State legislatures keep up push to change voting laws after 2020 election

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There was no evidence found of widespread voter fraud that would have changed the outcome of the 2020 election. But as state legislatures began their sessions in the weeks following the January 6 attack on the Capitol, many state lawmakers rushed to alter their voting laws.

According to the progressive Brennan Center for Justice, at least 19 states passed 34 laws in 2021 that add restrictions to voting procedures. 

The Brennan Center has identified 88 restrictive bills across nine states that are carrying over into the 2022 session. As of December 7, at least 13 bills that add restrictions were filed ahead of legislative sessions in four states.

Many of those bills target mail voting. That includes shortening the timeframe for applying for a mail ballot, banning sending unsolicited mail ballot applications and adding restrictions on the assistance voters can receive. 


Changes to voting laws enacted in 2021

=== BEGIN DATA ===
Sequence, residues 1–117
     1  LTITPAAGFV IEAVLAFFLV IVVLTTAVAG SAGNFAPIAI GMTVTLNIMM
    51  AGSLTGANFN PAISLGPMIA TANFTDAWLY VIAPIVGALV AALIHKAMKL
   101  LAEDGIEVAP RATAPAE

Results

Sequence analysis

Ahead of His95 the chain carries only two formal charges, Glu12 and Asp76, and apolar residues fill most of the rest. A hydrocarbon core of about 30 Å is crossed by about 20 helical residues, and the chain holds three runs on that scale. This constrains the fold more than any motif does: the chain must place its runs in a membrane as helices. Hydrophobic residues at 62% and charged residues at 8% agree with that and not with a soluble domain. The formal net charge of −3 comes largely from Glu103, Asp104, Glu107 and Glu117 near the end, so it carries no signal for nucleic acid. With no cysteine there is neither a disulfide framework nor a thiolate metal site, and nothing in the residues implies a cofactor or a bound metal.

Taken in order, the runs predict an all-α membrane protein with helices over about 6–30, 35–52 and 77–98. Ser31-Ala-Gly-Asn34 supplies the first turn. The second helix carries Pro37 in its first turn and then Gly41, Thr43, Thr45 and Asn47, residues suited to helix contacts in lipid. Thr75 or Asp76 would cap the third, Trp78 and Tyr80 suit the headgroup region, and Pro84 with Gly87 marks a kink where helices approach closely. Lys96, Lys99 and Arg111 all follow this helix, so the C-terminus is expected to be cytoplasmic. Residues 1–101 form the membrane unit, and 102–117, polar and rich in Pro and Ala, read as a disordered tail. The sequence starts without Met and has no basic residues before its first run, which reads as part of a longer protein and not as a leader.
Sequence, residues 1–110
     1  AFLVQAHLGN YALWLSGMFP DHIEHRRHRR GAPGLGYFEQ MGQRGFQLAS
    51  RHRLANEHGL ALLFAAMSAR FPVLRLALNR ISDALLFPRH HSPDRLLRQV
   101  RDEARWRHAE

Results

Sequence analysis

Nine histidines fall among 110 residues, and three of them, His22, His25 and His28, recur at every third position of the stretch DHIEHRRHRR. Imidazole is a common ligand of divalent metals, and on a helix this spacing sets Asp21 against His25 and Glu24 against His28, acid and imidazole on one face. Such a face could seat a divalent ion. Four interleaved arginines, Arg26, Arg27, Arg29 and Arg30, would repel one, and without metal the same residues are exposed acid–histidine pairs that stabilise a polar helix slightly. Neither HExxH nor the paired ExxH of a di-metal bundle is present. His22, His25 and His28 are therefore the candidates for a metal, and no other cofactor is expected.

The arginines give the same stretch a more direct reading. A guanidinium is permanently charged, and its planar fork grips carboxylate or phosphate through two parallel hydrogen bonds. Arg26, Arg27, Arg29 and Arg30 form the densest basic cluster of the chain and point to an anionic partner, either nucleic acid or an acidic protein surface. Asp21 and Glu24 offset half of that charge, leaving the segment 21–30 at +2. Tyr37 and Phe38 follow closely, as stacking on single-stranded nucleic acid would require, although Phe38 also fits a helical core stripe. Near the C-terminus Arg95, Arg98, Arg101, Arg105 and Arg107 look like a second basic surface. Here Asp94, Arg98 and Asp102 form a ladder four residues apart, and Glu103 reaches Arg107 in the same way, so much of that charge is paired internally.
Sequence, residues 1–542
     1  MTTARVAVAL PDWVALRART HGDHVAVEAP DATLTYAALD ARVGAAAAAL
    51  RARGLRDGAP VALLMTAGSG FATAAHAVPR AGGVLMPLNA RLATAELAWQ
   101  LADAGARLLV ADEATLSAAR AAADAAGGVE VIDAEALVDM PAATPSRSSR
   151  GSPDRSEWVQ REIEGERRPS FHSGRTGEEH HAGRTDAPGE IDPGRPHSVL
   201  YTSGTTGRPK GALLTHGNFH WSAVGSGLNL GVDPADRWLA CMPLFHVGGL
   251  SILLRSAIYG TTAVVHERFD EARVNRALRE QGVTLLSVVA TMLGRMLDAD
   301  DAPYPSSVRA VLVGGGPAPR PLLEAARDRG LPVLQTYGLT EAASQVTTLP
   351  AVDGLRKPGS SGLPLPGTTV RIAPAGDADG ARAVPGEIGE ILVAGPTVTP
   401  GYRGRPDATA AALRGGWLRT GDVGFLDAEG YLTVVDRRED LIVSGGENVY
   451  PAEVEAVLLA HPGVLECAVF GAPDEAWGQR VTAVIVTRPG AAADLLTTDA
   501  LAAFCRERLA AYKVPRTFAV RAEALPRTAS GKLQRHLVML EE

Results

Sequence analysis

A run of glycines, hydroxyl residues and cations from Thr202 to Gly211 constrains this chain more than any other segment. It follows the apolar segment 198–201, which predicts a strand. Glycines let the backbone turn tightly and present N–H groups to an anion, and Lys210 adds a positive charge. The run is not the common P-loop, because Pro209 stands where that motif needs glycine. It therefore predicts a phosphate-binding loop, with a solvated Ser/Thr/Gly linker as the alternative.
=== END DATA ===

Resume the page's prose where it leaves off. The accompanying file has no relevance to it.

Republican proponents say the changes would make it “harder to cheat.” The net result, election experts say, could make it harder for some voters to cast their ballot.  

“Because (the 2020 election) was so fraught with this myth of voter fraud, we saw a lot of lawmakers rushing to pass restrictive voting bills on the pretext of preventing voter fraud and preserving election integrity,” said Jasleen Singh, a counsel in the Democracy Program at the Brennan Center. 

President Joe Biden is going to Atlanta on Tuesday to deliver a speech about voting rights. Georgia had one of the most contentious fights over voting laws passed in 2021, along with Florida, Iowa and Texas

A year after January 6, a new CBS News poll found that 66% of Republicans still believe that the election had widespread fraud or irregularities, though there has been no evidence to support that assertion. 

A bill filed by Georgia GOP Senate President Pro Tempore Butch Miler, who is running for lietutenant governor, would ban absentee ballot drop boxes. Georgia lawmakers last year passed capping drop boxes at one box per 100,000 registered voters or matching the number of early voting sites, whichever is less. The Atlanta Journal-Constitution and Georgia Public Broadcasting found that voters in Democratic counties were more likely to return ballots at drop boxes.